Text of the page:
Estuary, crabbing,plankton trawl on the Marine Discovery boat.
All made it an outstanding day. We even came upon a capsized
dingy(about a 16ft boat) with 3 people hanging on while on the
bay. The Discovery Boat captain spotted them and quickly called
the coast guard. We brought the woman onboard and saw the coast
guard in action. dinner followed by entertainment by Mike
O'Donnell .singer,song writer and entertainer and Lynn spoke of
the Lincoln City 2002 Glass float program We all hoped to find
one on the beach

Thurday Morning program "Time with the Executive Chef of the
hotel - Ken Martin.Salmon and Potlatch demonstration of Native
American Cooking Traditions Lunch and more from the Chef -
followed by Oregon Wine tasting presented by Patrick McElligott
Dinner What a gourmet Delight Seafood Buffet. Bigger and better
than you would find at a 4 diamond hotel Fun and Frolic -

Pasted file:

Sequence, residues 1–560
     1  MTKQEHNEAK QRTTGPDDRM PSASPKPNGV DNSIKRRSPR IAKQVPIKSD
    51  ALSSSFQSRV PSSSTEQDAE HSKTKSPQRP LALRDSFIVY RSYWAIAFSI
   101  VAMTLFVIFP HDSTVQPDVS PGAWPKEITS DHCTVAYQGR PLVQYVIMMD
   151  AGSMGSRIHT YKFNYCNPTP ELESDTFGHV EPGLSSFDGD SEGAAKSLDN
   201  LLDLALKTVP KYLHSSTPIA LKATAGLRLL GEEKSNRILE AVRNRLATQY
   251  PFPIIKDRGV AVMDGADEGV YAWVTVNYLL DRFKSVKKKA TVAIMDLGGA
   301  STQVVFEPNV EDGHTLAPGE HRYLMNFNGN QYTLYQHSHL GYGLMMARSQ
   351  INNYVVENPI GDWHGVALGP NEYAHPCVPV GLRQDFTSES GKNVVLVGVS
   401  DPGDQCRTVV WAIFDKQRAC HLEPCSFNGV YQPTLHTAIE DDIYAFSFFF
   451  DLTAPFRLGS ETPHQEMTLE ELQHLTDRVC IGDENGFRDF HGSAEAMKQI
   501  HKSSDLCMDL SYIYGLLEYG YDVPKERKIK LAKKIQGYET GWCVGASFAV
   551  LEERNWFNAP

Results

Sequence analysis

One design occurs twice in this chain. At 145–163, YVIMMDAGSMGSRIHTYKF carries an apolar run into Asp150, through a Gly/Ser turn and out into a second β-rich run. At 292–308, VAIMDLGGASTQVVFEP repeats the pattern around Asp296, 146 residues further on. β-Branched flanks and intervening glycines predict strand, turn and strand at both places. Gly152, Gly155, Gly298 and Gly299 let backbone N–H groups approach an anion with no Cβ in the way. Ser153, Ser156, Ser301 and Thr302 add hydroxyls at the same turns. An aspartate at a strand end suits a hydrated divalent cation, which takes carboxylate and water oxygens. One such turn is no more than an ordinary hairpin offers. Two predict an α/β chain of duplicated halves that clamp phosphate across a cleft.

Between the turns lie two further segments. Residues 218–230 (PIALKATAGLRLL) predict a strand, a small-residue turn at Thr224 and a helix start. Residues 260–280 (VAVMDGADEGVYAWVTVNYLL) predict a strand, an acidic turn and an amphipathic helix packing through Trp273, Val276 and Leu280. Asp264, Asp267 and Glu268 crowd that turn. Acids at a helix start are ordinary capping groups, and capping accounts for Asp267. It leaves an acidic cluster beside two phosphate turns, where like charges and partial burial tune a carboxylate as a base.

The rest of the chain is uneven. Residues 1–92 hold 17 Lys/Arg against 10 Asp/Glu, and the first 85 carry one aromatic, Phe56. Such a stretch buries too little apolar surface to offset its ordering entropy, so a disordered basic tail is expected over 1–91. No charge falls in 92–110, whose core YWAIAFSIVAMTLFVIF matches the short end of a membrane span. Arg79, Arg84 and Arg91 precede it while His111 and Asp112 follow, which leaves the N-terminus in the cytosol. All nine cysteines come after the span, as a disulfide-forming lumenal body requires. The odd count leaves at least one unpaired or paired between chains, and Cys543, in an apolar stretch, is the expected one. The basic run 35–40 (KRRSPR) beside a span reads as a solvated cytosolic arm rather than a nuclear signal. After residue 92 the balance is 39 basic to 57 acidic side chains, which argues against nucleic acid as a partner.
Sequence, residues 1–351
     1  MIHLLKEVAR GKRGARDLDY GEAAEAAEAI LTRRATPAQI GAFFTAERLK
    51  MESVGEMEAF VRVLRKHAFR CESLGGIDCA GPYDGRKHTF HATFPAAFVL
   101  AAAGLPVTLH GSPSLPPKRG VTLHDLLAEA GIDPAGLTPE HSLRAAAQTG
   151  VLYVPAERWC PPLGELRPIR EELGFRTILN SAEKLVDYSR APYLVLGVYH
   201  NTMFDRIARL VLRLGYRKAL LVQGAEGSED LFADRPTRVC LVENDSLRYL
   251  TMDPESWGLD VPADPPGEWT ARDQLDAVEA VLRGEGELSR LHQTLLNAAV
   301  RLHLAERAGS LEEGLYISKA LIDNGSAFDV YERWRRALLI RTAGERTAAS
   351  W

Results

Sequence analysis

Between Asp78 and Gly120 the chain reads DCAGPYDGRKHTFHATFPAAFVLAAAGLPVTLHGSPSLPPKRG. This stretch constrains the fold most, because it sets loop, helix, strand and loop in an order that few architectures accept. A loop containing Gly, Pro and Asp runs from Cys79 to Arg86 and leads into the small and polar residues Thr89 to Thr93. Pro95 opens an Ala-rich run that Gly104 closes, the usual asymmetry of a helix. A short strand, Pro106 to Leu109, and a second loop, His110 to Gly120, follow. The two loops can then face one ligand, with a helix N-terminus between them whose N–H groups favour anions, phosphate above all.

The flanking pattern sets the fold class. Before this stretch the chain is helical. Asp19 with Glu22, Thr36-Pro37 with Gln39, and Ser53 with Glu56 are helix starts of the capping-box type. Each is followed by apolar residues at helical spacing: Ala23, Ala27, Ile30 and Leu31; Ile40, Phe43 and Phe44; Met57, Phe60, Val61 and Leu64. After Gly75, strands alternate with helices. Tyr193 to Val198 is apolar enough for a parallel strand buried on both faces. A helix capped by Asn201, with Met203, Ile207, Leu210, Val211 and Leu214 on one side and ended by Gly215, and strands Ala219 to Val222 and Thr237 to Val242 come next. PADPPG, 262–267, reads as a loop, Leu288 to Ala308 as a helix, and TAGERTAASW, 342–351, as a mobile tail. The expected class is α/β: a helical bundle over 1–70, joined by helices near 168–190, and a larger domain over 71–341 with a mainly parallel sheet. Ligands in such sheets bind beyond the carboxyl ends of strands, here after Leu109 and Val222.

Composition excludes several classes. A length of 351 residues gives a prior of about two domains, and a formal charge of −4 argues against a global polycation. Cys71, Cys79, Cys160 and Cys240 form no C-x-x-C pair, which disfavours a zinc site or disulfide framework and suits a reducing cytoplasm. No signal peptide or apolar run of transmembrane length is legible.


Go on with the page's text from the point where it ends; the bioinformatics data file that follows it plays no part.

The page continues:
passport signing. Carol and Lynn made this a really fun evening.
gifts to all - one lucky person received a glass float Friday
Breakfast and box lunches.

If any one makes a statement that the food isn't good at an
elderhostel program - they have not attended one run by Carol and
Lynn - and been at The Inn At Spanish Head. I don't want to brag
too much as I plan on returning next year and it would be sold
out early. By the way - I attended this program with a lady I met
at another EH last year. She came from Hawaii and stayed
overnight with me in California - we drove up the Oregon Coast